NUMERICAL MODEL OF A NON-STEADY ATMOSPHERIC PLANETARY BOUNDARY LAYER, BASED ON SIMILARITY THEORY S November, 1991) Abstract. A numerical model of a non-stationary atmospheric planetary boundary layer (PBL boundary layer (PBL) subjected to diurnal variations. The typical pattern of diurnal changes

Fedorovich, Evgeni

404

Thickness of the Atmospheric Boundary Layer Above Dome A, Antarctica, during 2009

Thickness of the Atmospheric Boundary Layer Above Dome A, Antarctica, during 2009 C. S. BONNER,1 M thick (Marks et al. 1999; Travouillon et al. 2003). The atmospheric boundary layer is the lowest region continuously turbulent over its entire depth (Stull 1988). The atmospheric boundary layer can extend up

Ashley, Michael C. B.

405

Large-Scale Atmospheric Forcing by Southeast Pacific Boundary-Layer Clouds: A Regional Model Study

Large-Scale Atmospheric Forcing by Southeast Pacific Boundary-Layer Clouds: A Regional Model Study the radiative effect of boundary layer clouds over the Southeast Pacific on large-scale atmosphere circulation of the equator, and marine boundary layer stratocumulus clouds to the south. In a sensitivity experiment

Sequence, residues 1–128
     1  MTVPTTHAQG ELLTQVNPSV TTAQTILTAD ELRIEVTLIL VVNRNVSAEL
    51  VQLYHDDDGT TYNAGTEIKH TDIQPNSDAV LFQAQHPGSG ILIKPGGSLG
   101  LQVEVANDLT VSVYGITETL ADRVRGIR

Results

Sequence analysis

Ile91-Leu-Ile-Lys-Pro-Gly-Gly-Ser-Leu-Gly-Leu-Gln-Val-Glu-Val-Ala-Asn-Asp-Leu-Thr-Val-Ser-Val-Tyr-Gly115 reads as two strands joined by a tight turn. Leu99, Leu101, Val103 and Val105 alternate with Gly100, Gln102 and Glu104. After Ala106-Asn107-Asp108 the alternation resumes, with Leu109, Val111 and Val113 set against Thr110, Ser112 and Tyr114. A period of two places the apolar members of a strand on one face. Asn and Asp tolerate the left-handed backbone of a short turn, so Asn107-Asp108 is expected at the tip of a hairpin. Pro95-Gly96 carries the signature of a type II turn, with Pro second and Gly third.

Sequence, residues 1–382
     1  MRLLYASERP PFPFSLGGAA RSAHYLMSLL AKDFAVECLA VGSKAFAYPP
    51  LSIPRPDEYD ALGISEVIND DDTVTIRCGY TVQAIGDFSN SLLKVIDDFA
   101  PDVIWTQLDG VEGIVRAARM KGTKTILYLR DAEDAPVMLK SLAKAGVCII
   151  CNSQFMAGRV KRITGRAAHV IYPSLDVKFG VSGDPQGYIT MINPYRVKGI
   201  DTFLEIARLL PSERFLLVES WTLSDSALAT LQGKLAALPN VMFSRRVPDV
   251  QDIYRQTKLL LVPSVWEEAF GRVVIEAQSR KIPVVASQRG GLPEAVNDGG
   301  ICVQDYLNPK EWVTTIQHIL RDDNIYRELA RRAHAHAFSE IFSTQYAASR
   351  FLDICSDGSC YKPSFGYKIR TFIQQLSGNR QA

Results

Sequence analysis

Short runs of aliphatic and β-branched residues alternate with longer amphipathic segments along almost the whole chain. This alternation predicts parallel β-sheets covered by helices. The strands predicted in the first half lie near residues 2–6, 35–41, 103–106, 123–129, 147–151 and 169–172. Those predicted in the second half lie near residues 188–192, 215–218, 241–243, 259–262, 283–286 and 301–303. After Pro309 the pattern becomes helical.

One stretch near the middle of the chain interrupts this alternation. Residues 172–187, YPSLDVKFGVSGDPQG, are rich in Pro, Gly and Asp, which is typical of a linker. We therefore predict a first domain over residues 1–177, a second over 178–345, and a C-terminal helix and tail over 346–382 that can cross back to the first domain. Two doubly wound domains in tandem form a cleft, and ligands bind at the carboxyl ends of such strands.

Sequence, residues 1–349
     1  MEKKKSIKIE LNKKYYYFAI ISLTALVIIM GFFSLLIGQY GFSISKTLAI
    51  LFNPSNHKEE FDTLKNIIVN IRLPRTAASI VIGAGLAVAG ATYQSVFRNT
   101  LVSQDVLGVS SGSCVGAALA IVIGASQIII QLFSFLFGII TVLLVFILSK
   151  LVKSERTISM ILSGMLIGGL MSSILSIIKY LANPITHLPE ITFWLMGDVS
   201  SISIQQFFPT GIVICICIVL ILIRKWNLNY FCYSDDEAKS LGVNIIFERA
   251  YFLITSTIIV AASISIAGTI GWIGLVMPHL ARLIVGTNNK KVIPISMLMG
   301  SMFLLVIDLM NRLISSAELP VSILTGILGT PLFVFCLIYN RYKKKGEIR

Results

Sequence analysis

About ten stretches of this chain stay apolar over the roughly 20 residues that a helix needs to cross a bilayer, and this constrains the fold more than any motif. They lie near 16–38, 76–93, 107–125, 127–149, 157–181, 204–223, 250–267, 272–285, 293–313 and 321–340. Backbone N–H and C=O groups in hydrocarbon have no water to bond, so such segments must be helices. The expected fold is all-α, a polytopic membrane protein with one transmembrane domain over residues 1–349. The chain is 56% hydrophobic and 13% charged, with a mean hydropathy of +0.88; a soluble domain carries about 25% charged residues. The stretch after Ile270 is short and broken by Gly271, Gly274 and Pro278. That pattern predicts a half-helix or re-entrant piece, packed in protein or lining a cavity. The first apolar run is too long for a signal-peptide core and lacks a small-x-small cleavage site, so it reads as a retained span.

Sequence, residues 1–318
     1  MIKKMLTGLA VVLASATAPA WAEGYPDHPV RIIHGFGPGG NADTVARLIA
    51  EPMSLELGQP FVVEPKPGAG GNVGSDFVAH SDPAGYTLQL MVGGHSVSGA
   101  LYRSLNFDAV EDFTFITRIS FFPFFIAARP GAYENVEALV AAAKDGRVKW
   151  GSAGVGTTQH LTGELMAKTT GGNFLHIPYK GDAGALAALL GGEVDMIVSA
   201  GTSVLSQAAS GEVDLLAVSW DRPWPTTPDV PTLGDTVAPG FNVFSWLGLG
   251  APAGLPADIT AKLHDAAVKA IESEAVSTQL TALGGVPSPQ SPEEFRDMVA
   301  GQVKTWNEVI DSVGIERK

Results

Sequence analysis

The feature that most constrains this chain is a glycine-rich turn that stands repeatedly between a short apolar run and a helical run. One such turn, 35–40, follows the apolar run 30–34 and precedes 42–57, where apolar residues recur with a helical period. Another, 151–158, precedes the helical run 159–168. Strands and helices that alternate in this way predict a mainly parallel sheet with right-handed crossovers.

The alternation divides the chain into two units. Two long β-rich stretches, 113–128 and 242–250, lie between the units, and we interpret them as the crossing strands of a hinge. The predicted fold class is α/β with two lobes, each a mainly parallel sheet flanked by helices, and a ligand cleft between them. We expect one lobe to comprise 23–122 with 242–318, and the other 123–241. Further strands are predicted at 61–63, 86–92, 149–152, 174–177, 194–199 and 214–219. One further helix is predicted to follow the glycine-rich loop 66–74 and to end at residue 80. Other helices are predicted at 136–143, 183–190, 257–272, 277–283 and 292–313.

Xie, Shang-Ping

406

Spatial statistics of marine boundary layer clouds Gregory M. Lewis1

and Atmospheric Dynamics: Boundary layer processes; 3359 Meteorology and Atmospheric Dynamics: Radiative processesSpatial statistics of marine boundary layer clouds Gregory M. Lewis1 The Fields Institute, Toronto. Szczodrak (2004), Spatial statistics of marine boundary layer clouds, J. Geophys. Res., 109, D04104, doi:10

Lewis, Greg

407

Boundary Layer in Coupled Atmosphere-Wave-Ocean Models and Observations" --Manuscript Draft-- Manuscript symmetric and asymmetric hurricane boundary-layer structures in a fully coupled atmosphere-28 wave Number: Full Title: Comments on "Symmetric and Asymmetric Structures of Hurricane Boundary Layer

Smith, Roger K.

408

Boundary-Layer Meteorol DOI 10.1007/s10546-014-9914-6

Stochastic Model for Turbulent Dispersion in Atmospheric Boundary-Layer and Canopy Flows Tomer Duman for the highly inhomogeneous case of canopy flow. Application of this model to atmospheric boundary-layer). For atmospheric boundary-layer (ABL) flows, intermittency in can play a significant role, where the ratio between

Katul, Gabriel

409

Atmospheric Boundary Layer Studies with Unified RANS-LES and Dynamic LES Methods